The color name “Amber” derives from the gemstone, which is basically a fossilized tree sap. Amber is an orangish-brown color used to describe glass color with many adjectives added. Lighter amber colored jars and bottles are sometimes improperly called “yellow”. The simple visual test we use for discerning true yellow, is that it has none of the orange tint of amber. Look for noticeable amber (orange) tones in the thicker parts of the glass such as the base and lip areas. Here we depict a few true yellow jars (Globes) alongside some of the many shades of amber. – North American Glass (Greg Spurgeon)

Came across this rather well done chart of insulator colors. Make sure you follow the link to All Colors Insulator Gallery and click on each insulator. –

Antique Bottle Colors –

T H E    C O L O R    A M B E R

The color Amber art from previous Peachridge Glass posts.

About Ferdinand Meyer V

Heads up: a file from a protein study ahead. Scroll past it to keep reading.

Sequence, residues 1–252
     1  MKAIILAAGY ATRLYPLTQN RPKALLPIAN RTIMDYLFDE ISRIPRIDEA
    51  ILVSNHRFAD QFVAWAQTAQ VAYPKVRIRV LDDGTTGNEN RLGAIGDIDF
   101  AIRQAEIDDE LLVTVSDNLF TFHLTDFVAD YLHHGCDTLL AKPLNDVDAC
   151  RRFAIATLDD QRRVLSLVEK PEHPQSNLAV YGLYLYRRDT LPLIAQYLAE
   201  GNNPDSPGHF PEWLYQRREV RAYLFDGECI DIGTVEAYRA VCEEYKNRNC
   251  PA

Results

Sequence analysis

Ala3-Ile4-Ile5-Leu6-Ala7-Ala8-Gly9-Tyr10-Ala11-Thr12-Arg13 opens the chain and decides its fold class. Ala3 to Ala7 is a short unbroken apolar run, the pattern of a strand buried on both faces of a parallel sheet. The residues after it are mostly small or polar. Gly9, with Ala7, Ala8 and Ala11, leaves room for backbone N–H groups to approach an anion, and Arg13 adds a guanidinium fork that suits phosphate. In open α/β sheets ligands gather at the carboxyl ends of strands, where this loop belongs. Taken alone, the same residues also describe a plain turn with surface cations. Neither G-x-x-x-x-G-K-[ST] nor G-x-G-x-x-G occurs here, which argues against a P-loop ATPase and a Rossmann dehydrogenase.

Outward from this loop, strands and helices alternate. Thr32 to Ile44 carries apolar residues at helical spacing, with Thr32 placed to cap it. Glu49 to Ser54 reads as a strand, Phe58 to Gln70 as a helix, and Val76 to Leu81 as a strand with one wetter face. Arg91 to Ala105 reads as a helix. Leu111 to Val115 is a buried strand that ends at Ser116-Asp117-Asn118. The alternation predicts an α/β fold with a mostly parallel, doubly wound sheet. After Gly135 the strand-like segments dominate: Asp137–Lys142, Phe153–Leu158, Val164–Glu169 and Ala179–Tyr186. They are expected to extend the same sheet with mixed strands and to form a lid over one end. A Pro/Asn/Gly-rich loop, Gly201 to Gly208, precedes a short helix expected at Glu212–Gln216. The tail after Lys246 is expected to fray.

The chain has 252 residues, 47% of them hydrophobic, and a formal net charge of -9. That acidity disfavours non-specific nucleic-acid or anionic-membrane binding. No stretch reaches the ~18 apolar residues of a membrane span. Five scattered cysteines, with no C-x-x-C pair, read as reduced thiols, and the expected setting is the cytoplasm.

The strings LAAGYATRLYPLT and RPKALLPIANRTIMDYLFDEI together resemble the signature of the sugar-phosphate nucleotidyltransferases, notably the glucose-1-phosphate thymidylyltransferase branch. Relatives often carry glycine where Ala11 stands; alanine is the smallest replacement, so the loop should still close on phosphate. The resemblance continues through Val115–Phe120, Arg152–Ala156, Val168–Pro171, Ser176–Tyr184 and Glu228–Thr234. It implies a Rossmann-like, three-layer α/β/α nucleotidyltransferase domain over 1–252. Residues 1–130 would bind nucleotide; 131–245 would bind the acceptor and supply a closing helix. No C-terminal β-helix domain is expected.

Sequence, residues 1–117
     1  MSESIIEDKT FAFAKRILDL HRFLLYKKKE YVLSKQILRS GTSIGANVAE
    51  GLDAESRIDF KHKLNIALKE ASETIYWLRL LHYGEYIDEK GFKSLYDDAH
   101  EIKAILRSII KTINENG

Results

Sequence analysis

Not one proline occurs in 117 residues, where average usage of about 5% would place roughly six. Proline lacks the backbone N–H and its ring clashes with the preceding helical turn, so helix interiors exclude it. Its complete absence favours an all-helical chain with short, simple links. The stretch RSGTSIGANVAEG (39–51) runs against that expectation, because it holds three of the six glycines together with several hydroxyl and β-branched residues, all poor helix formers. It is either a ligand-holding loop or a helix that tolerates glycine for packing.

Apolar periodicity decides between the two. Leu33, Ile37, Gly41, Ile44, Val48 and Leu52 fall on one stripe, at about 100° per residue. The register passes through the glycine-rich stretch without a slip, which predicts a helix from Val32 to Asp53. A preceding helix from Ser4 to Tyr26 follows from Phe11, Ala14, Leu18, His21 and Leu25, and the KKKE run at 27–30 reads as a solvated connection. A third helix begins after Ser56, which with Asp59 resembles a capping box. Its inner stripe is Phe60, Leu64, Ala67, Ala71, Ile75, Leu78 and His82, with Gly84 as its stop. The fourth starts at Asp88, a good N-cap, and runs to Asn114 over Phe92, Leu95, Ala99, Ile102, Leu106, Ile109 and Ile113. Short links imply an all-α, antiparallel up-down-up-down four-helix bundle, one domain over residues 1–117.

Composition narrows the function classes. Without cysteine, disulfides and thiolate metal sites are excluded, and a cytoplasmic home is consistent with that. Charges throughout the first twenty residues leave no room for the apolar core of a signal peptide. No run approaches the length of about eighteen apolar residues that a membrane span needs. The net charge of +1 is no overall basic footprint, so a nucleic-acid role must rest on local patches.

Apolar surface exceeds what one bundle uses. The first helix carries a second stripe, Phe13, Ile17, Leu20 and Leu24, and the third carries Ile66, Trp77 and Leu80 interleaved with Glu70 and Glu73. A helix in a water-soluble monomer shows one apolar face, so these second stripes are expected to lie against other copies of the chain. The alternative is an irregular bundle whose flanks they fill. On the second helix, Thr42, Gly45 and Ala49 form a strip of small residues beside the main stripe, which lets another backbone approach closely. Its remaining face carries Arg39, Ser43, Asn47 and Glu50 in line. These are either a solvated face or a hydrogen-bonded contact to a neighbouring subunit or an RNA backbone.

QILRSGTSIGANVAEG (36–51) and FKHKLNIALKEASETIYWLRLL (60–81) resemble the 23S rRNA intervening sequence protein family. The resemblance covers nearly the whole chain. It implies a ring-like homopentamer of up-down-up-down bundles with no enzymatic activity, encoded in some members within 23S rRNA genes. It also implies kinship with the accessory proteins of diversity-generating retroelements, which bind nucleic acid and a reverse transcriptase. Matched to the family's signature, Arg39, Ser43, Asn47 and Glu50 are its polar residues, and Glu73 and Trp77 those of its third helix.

Ferdinand Meyer V is a native of Baltimore, Maryland and has a BFA in Fine Art and Graphic Design from the Kansas City Art Institute and School of Design. Ferdinand is the founding Principal of FMG Design, a nationally recognized design consultation firm. Ferdinand is a passionate collector of American historical glass specializing in bitters bottles, color runs and related classic figural bottles. He is married to Elizabeth Jane Meyer and lives in Houston, Texas with their daughter and three wonderful grandchildren. The Meyers are also very involved in Quarter Horses, antiques and early United States postage stamps. Ferdinand is the past 6-year President of the Federation of Historical Bottle Collectors and is one of the founding members of the FOHBC Virtual Museum.
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9 Responses to Is it finally time to tackle bottle colors?

  1. tigue710 says: